• Ezekiel 45:21 says, “In the first month, in the fourteenth day of the month, ye shall have the passover, a feast of seven days; unleavened bread shall be eaten” – in other words, unleavened bread shall be eaten on THE DAY of the Passover (April 14th) followed by seven days of eating unleavened bread (“the days of unleavened bread”); the phrase in vs. 21b that “unleavened bread shall be eaten” is referring to both the Passover (on the 14th) as well as the feast of seven days (15th-21st)

Herod could not possibly have been referring to the DAY of the Passover in his statement in Acts 12:4 as noted above; Peter was arrested during the DAYS (plural) of unleavened bread after the DAY (singular) of the Passover.


Having established that “pascha” should NOT be translated as Passover in Acts 12:4 it should be noted that the word for Easter is exactly the same as the word for Passover in most languages of the world:

  • Pascha (Latin), Pâques (French), Pasqua (Italian), Pasen (Dutch) mean BOTH Easter and Passover; only the CONTEXT formulates the difference – PLEASE NOTE that the resurrection of the Lord Jesus occurred three days AFTER the Jewish Passover

  • The Oxford English dictionary lists many early English literary sources that employed the word Easter to refer to the Resurrection; the earliest being 890 AD

  • With the exception of English and German, all other European languages do not have a separate word for Easter and Passover but simply use a single term derived from Pesach (Hebrew for Passover) – in one way this is an advantage to the foreign believer who immediately associates Jesus Christ as the Passover Lamb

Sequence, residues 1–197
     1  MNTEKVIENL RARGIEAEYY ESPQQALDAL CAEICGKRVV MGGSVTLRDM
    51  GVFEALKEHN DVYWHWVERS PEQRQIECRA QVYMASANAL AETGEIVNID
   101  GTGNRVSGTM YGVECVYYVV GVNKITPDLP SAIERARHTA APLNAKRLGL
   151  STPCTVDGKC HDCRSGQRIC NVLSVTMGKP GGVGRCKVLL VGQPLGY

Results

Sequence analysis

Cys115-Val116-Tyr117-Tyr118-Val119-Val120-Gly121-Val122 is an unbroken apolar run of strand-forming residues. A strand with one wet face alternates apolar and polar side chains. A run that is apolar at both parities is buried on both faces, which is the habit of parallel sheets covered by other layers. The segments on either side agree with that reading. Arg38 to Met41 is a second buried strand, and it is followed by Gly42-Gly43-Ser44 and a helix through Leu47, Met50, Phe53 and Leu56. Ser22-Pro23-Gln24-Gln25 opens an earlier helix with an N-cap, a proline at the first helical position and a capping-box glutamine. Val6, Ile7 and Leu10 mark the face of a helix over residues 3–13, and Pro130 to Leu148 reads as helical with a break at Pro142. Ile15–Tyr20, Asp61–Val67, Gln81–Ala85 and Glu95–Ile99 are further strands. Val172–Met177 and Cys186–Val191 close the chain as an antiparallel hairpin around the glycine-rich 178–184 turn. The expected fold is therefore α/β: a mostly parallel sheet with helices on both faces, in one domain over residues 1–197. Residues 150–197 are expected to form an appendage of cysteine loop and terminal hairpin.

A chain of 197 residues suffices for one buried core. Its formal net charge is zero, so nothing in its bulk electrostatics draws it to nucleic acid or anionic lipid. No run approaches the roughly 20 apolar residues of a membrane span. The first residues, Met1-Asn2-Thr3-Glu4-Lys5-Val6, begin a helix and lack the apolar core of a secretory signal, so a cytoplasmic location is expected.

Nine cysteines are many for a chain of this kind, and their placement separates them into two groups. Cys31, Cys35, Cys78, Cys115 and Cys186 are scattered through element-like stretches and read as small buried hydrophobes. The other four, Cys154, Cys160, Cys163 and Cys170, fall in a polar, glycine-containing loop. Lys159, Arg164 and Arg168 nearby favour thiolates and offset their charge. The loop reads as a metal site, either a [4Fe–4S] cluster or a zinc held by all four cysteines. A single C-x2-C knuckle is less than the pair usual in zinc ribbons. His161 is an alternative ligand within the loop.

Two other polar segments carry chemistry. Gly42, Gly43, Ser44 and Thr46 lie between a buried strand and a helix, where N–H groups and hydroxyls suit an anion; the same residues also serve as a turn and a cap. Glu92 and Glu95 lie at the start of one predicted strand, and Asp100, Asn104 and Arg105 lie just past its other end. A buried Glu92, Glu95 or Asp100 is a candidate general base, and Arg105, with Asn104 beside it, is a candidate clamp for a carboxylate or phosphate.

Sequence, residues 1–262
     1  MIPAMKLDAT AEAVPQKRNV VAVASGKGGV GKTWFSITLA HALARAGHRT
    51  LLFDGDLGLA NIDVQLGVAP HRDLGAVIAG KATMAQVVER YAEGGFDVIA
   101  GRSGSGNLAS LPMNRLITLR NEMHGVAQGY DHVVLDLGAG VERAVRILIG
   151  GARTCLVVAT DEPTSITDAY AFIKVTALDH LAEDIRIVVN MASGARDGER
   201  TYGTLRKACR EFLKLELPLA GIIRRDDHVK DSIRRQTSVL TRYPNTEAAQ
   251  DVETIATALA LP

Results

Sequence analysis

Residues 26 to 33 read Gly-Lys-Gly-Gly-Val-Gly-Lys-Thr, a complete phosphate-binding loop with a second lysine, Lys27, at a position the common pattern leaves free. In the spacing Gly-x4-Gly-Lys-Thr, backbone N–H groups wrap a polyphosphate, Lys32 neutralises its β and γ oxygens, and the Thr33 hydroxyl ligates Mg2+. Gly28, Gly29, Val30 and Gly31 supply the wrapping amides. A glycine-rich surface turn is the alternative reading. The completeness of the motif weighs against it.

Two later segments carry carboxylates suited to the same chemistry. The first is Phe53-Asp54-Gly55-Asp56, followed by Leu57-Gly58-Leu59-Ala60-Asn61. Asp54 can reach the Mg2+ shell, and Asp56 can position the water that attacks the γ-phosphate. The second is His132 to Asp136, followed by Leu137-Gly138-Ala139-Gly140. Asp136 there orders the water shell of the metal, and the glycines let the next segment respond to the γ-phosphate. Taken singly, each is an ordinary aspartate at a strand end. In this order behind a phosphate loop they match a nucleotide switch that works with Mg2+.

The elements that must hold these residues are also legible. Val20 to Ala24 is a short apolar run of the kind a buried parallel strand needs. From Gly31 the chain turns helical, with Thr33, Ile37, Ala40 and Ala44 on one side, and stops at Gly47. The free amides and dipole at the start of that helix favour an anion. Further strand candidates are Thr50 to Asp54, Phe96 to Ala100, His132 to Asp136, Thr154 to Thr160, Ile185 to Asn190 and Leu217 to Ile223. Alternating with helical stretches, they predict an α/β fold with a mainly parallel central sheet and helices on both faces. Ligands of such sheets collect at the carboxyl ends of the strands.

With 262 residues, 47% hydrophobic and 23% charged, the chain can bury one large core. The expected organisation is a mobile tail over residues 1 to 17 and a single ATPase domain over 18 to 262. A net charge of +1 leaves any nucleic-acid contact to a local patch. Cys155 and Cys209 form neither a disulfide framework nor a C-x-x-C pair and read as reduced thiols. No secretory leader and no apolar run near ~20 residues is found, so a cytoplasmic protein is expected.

• As we shall see the English rendition of Easter and Passover in the King James Version is superior and needs to be exalted into its rightful place instead of scorned by the critics – the Holy Spirit inserted a textual indicator that something other than the Jewish Passover was being referred to in the text

The etymology of our English word Easter was noted by C.F. Cruse (c. 1850 AD) that, “our word Easter is of Saxon origin and of precisely the same import with its German cognate Ostern. The latter is derived from the old Teutonic form of auferstehen/auferstehung, that is RESURRECTION”

  • The German word Ostern (equivalent of Easter) is related to Ost (meaning east or rising of the sun), and as Cruse noted, comes from the older Teutonic forms of erster (first) and stehen (stand), which then became erstehen (an older form meaning “resurrection”), and which in turn became auferstehen (current form meaning “resurrection”)